In 1975, Wolpe published a monograph on the Elizabethan writing-master John de Beauchesne. The Life & Work of: John de Beauchesne & the First English Writing-books was published in a limited edition of 50 copies for the Society for Italic Handwriting, and was subsequently republished as a chapter in A. S. Osley's Scribes and Sources (1980).[29][30]

Personal life

His wife was fellow artist Margaret Wolpe [31] and his son Toby is a technology journalist.[32]

References

  1. ^ "Frederic W. Goudy Award". Rochester Institute of Technology. Retrieved 10 October 2017.
  2. ^ McLean, Ruairi (6 July 1989). "Obituary: Berthold Wolpe". The Independent.
  3. ^ Drew, Nicholas (1940). "The Work of Berthold Wolpe". Art and Industry: 128–133. Retrieved 10 October 2017.
  4. ^ List of Past Royal Designers for Industry Archived 21 January 2012 at the Wayback Machine. on the RSA website.
  5. ^ List of Honorary Doctorates Archived 11 June 2011 at the Wayback Machine. on the RCA website.
  6. ^ Supplement to The London Gazette, 11 June 1983.
  7. ^ Owen Williams, 'Berthold Wolpe and his Typeface Albertus'. In: Letter Arts Review, Vol 20, No 1, 2006.
  8. ^ Simon Garfield. 'Albertus'. In: Just My Type: A Book About Fonts. London: Profile Books, 2010.
  9. ^ "Berthold Wolpe at Faber (1941-1975)". The Thought Fox. Faber & Faber. Archived from the original on 3 April 2016. Retrieved 17 April 2016.
  10. ^ James Pardey, 'Wolpe, Albertus and Faber's Classic Covers.' Archived 23 March 2012 at the Wayback Machine. In: Creative Review, December 2011.
  11. ^ Joseph Connolly, 'Berthold Wolpe: An Appreciation.' In: Eighty Years of Book Cover Design. London: Faber and Faber, 2009.
  12. ^ Himelfarb, Ellen. "Meet Berthold Wolpe, the Designer Behind Faber & Faber's Distinctive Book Covers". AIGA. Retrieved 10 October 2017.
  13. ^ Susan Shaw. Berthold Wolpe. London: The Merrion Press, 2005. Archived 30 December 2011 at the Wayback Machine.
  14. ^ Neil Macmillan. An A–Z of Type Designers. London: Laurence King Publishing, 2006.
  15. ^ Rhatigan, Dan. "Berthold Wolpe: Type Designer, Book Designer & Emigrant". Typeoff. Retrieved 20 September 2015.
  16. ^ Rhatigan, Dan. "Exhibition (flickr set of pictures)". Flickr. Retrieved 20 September 2015.
  17. ^ Shaw, Paul. "Overlooked Typefaces". Print magazine. Retrieved 2 July 2015.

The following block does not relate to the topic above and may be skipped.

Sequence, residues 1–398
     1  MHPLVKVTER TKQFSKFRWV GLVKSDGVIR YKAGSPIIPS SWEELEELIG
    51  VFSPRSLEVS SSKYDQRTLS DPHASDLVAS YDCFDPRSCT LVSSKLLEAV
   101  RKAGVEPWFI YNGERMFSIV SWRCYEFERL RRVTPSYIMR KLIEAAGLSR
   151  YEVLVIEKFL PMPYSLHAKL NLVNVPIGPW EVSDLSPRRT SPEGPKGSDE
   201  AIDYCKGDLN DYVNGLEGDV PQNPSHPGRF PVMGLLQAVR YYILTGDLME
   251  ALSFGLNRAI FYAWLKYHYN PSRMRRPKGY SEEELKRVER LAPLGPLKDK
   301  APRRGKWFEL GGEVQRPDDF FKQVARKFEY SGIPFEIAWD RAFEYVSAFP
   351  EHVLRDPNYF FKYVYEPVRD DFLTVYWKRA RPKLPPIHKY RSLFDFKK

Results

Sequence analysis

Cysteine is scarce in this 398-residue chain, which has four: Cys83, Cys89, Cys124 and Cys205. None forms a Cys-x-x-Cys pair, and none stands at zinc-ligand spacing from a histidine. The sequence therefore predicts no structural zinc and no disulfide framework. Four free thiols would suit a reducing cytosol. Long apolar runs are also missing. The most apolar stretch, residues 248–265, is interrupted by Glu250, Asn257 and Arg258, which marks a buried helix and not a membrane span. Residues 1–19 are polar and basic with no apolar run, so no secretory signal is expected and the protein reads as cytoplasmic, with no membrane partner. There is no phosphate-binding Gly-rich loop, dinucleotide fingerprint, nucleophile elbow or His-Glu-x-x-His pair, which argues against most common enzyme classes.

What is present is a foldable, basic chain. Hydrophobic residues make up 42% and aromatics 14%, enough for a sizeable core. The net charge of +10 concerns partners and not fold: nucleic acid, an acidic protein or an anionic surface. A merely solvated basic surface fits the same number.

18. ^ "The Wolpe Collection celebrates a quiet legend of design, Berthold Wolpe". Monotype Imaging. Retrieved 9 October 2017.
  19. ^ Sinclair, Mark. "Berthold Wolpe: An Uncommon Type". Creative Review. Retrieved 9 October 2017.
  20. ^ Tracy, Walter. Letters of Credit. p. 168.
  21. ^ Shaw, Paul. "Overlooked Typefaces". Print magazine. Retrieved 2 July 2015.
  22. ^ Margaret Re; Johanna Drucker; James Mosley; Matthew Carter (1 July 2003). Typographically Speaking: The Art of Matthew Carter. Princeton Architectural Press. pp. 6, 73. ISBN 978-1-56898-427-8.
  23. ^ Omagari, Toshi. "Tempest". MyFonts. Monotype. Retrieved 10 October 2017.
  24. ^ Tucker, Emma. "Introducing Wolpe Tempest, a contemporary and dynamic typeface from The Wolpe Collection, by Toshi Omagari". Monotype. Retrieved 10 October 2017.
  25. ^ Bryant, Sarah; Mosley, James; Hardwig, Florian. "Adventures in the Monotype Archive: The Sad Story of Sachsenwald". Big Jump Press. Retrieved 10 October 2017.
  26. ^ Omagari, Toshi. "Fanfare". MyFonts. Monotype. Retrieved 10 October 2017.
  27. ^ Wolpe, Berthold (1967). Vincent Figgins: Type specimens, 1801 and 1815. London: Printing Historical Society.
  28. ^ Knopp, Justin. "Type Specimens from the Vincent Figgins Type Foundry – 1815". Typoretum. Retrieved 10 October 2017.
  29. ^ "John de Beauchesne & the First English Writing-Books". Society for Italic Handwriting. Retrieved 5 February 2017.
  30. ^ Osley, A. S. (1980). Scribes and sources: Handbook of the chancery hand in the sixteenth century : texts from the writing-masters (1 ed.). Boston: D. R. Godine. ISBN 9780879232979.
  31. ^ "Margaret Wolpe (obituary)". Times. Retrieved 20 September 2015.
  32. ^ Wolpe, Toby. "Great video on my father Berthold Wolpe's work". Twitter. Retrieved 10 October 2017.

External links